“Recognized nationally and internationally as one of Canada's foremost biomedical scientists.”
Dr. MacLennan obtained a BSA from the University of Manitoba in 1959, followed by MSc and PhD degrees in Biological Sciences from Purdue University. He was a postdoctoral fellow and then Assistant Professor in the Institute for Enzyme Research at the University of Wisconsin before returning to Canada in 1969 to become an Associate Professor in the Banting and Best Department of Medical Research at the University of Toronto. Subsequently, he was appointed as a University Professor, the University’s highest academic rank, and was Chair of his Department for 12 years.
As a newly independent investigator in 1969, Dr MacLennan embarked on the isolation and characterization of a Ca2+ ATPase from a then obscure membrane system, the sarcoplasmic reticulum. His first paper describing this work in the Journal of Biological Chemistry was named a “classic JBC paper” on the 100th anniversary of that journal. In more than 300 subsequent papers, he described the mechanism of action of the Ca2+ pump, the structure and function of many other muscle proteins involved in Ca2+ signalling in muscle, the genes encoding these proteins, and the genetic basis for muscle diseases caused by mutations in these genes.
Dr. MacLennan’s studies of the genes encoding the Ca2+ release channels of both skeletal and cardiac muscle made it possible to identify patients who are susceptible to malignant hyperthermia (MH) or to exercise-induced sudden cardiac death. MH Patients are at risk of fatal reactions to anaesthetics – if identified, they can be treated with safe anaesthetics. With millions of anaesthetics given each year, MH reactions are a worldwide health concern. An MH mutation in swine also caused stress-induced death and lowered meat quality. By identifying the causal mutation and developing a diagnostic test for this disorder, Dr. MacLennan made it possible to eradicate the disease from herds, with substantial economic benefit to the swine industry.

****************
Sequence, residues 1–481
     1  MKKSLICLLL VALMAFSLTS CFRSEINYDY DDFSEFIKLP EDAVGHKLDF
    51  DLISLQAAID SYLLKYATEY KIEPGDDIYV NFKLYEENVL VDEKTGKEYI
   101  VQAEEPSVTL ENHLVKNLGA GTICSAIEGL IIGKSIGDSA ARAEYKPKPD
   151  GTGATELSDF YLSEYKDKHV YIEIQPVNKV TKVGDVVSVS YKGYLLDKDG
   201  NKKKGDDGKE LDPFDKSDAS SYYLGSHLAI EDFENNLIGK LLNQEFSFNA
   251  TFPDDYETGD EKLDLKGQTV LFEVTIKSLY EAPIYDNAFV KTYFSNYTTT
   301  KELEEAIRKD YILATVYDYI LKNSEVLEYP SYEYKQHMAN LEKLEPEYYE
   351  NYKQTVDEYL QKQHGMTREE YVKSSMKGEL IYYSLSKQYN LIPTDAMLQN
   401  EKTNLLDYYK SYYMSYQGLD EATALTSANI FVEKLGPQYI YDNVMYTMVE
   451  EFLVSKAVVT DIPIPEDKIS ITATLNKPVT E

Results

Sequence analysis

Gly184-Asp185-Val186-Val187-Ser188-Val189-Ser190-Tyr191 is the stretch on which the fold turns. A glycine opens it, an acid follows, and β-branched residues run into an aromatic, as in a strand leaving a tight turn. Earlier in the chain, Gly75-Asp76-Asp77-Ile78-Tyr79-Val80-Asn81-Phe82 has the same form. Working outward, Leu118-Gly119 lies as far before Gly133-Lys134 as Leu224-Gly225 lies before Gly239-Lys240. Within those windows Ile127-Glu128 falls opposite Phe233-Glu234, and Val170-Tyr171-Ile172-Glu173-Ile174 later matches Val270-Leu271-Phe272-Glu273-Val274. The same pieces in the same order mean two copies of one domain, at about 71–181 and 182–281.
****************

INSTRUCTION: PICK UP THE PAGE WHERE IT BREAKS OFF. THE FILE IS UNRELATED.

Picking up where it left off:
Dr. MacLennan’s research has been supported by the Canadian Institutes of Health Research, the Canadian Genetic Diseases Network of Centers of Excellence, the Heart and Stroke Foundation, the Muscular Dystrophy Association of Canada and the USA and the US National Institutes of Health. He is also recognized as an outstanding educator, overseeing the advanced research training of over 70 postdoctoral fellows, graduate students and visiting professors.
For his tireless efforts and dedication, Dr. MacLennan has received prestigious awards and honours such as the Gairdner Foundation International Award and election or appointment as a Fellow of both the Royal Society of Canada and the Royal Society of London UK, a Foreign Associate of the National Academy of Sciences USA, an Officer of the Order of Canada, and a Member of the Order of Ontario.